The emergence of the COVID-19 pandemic (hereinafter, the “pandemic”) has forced buyers, sellers, and their advisers to adapt to the rapidly changing environment in which M&A transactions are now being pursued, evaluated, negotiated, and closed.
The ensuing post is the second in a three-part series intended to provide a focused review of certain fundamental considerations applicable to M&A transactions in Western Canada – as impacted by the pandemic. Read part one of this blog series on the topic of: Acquisition Financing.
Material Adverse Effect Provisions
It is standard practice for purchase and sale agreements (“PSA”) to include a “Material Adverse Effect” (“MAE”) definition (or equivalent). The MAE definition will bear relevance in the PSA in a number of ways, however, the one that has come to the forefront due to the pandemic is the oft-included closing condition that the purchaser does not have to close the transaction if a MAE has occurred since the signing of the PSA.
Most MAE provisions are comprised of three parts. First, the definition will include a broad description of what constitutes a MAE. The second part of the definition will typically carve out a number of events which will, despite the preceding broad definition, not constitute a MAE (typically these carve-outs are events that are outside the reasonable control of the seller). Third, the definition will often include qualifiers to the carve-outs, such that the events that are carved-out will nonetheless be considered to result in a MAE if, as one example, they disproportionally affect the seller compared to businesses operating in the same industry, market, etc. While the impacts of the pandemic are uncertain in both scope and duration, it is clear that the effects certainly exist “today” (and therefore, in many instances, may not constitute an “event” on a forward-looking basis).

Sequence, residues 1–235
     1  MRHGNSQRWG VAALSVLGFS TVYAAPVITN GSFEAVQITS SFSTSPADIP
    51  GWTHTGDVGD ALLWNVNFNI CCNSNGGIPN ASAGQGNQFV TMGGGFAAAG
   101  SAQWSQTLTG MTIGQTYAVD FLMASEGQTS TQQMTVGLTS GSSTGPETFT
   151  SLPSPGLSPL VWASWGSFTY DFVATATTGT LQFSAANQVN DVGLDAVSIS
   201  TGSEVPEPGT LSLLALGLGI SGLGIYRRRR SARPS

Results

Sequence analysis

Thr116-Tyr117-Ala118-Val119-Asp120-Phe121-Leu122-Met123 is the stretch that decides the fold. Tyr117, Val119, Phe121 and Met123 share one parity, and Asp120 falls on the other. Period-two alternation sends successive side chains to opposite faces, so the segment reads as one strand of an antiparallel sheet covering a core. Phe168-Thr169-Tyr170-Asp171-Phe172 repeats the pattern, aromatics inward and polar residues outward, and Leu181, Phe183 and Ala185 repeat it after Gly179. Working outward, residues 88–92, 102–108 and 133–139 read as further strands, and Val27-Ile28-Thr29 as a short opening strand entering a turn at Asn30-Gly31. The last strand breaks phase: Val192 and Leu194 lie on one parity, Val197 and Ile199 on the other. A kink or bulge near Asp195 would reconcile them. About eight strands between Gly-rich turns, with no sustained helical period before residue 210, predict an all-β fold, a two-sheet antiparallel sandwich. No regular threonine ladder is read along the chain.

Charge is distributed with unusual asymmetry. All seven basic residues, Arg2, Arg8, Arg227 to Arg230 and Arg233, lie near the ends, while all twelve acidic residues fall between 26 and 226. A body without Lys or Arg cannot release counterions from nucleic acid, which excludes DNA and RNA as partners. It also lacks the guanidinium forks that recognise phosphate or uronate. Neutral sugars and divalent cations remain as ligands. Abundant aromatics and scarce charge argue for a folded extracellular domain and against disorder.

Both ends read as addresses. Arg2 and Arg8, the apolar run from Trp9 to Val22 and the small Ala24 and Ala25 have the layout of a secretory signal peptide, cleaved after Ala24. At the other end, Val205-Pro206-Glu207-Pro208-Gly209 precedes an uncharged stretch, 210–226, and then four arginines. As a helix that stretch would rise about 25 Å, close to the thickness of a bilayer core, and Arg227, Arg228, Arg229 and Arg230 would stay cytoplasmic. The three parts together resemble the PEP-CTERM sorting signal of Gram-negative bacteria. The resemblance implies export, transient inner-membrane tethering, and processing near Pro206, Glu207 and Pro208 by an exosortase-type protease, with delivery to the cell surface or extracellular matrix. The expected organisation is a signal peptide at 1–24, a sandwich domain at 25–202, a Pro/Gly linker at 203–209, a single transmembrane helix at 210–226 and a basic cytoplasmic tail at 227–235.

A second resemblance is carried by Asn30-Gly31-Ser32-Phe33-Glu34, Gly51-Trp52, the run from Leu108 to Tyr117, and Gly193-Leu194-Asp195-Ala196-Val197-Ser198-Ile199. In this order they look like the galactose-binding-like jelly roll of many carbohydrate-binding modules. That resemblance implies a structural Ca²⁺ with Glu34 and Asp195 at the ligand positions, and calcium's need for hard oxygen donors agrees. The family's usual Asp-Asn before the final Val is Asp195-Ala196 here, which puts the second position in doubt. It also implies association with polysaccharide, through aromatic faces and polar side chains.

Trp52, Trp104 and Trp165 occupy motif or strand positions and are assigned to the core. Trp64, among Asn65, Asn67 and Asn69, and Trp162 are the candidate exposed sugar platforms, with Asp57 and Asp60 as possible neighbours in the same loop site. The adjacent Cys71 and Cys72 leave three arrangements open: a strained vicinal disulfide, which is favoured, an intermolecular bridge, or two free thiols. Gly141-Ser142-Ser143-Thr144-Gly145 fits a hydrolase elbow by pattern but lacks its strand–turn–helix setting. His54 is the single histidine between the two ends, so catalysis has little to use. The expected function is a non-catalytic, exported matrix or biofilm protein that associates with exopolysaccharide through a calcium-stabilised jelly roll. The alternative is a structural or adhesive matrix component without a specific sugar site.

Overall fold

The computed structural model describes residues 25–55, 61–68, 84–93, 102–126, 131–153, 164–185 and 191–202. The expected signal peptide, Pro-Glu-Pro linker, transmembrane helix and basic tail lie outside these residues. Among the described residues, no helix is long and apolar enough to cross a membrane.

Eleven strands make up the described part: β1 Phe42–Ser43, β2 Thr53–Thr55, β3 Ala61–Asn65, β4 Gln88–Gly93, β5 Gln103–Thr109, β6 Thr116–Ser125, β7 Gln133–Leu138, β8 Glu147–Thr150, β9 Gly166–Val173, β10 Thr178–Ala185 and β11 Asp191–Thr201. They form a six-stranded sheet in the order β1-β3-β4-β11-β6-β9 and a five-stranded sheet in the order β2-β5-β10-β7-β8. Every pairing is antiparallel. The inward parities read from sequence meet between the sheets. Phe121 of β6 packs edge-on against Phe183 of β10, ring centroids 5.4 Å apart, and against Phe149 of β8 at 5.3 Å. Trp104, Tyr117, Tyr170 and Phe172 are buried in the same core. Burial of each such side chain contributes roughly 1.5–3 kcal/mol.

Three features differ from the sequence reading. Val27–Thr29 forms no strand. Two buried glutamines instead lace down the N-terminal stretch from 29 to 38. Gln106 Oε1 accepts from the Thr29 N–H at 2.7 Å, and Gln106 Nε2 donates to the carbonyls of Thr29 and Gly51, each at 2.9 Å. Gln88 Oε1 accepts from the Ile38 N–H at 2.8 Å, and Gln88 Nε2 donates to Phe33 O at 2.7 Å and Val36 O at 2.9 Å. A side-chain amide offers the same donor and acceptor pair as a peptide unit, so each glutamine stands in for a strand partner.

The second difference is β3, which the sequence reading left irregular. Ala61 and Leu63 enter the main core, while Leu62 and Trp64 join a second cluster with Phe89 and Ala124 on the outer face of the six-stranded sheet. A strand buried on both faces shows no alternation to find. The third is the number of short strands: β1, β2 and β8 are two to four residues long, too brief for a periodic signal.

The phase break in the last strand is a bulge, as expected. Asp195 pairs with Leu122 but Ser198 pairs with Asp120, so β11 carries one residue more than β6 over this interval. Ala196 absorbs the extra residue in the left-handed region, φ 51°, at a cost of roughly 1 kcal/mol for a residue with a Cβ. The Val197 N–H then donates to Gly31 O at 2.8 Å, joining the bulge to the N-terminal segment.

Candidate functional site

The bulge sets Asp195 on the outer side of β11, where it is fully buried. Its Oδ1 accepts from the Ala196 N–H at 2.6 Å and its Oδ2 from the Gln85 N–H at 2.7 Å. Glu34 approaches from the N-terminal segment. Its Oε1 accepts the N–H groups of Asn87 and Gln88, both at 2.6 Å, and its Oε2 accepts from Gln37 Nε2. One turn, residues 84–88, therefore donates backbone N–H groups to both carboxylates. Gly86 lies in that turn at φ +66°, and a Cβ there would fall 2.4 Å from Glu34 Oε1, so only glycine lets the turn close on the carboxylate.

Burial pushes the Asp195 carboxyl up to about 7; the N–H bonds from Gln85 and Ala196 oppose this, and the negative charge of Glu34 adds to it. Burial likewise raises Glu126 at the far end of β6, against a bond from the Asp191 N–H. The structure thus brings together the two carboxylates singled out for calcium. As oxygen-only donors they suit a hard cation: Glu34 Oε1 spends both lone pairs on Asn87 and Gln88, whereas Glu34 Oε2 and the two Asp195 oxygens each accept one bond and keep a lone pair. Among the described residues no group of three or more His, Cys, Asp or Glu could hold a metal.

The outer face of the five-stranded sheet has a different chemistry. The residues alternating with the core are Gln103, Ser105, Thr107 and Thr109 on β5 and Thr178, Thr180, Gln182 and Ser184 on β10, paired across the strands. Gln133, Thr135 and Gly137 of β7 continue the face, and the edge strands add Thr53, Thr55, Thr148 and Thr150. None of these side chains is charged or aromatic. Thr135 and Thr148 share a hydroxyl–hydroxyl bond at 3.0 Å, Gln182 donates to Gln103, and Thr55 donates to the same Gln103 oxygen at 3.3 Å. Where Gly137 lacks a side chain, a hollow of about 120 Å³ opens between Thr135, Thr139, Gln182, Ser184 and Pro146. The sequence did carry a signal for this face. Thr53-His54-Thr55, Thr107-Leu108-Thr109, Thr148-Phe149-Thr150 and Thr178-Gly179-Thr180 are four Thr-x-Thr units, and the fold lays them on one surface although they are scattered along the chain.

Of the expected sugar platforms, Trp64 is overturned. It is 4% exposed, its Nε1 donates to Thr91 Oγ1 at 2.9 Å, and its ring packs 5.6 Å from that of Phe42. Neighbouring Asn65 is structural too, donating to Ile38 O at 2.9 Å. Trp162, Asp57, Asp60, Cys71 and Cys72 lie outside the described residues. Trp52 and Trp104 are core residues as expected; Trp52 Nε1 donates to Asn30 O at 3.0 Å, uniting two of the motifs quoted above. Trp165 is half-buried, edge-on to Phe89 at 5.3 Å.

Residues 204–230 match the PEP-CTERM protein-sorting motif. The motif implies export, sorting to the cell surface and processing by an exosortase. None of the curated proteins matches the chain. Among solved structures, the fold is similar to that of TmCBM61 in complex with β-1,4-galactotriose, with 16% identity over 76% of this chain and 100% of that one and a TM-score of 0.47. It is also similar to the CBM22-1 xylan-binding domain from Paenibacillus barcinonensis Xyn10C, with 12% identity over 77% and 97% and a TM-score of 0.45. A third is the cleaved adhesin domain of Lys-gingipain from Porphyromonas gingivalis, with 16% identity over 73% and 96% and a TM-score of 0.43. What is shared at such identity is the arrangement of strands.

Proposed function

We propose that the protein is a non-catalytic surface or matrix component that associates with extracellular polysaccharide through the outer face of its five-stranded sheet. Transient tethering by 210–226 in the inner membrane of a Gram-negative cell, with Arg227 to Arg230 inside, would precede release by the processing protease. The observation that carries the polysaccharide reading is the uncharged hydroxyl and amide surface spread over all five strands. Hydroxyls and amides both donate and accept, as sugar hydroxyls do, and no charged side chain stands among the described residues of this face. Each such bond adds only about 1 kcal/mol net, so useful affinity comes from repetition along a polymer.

For parties who are still negotiating their transaction, special consideration should be given to the MAE definition, especially if the absence of a MAE is a closing condition in favour of the purchaser. While the future impacts of the pandemic remain uncertain, parties at the front-end of their transaction will have the opportunity to benefit from their existing knowledge around the pandemic and its current and forecasted impact on the target. In these situations, we anticipate parties will be better positioned to formulate the MAE definition in a manner that is responsive to a host of different scenarios and can therefore more appropriately addresses their respective closing risks associated with the pandemic (in contrast to MAE definitions negotiated prior to the onset of the pandemic).
For transacting parties who have already consummated but not yet closed their transaction, the MAE closing condition will be static – but is likely now under close scrutiny. The assessment of whether a MAE closing condition has been satisfied is a highly fact-specific inquiry, hinging not only on the drafting of the MAE definition, but also a host of other contextual factors (and not within the scope of this post). With that said, it is worthwhile to note that the courts have generally recognized that in order for a MAE to be found to occur, the event causing the MAE has to be of some permanency – or an event which is durationally significant. As public (and expert) opinion on the duration and impact of the pandemic remains divergent, transacting parties looking to rely on a MAE clause (whether to avoid or ensure closing) will need to address the durational significance of the current pandemic (or lack thereof) – a matter which is clearly, at present, an open issue.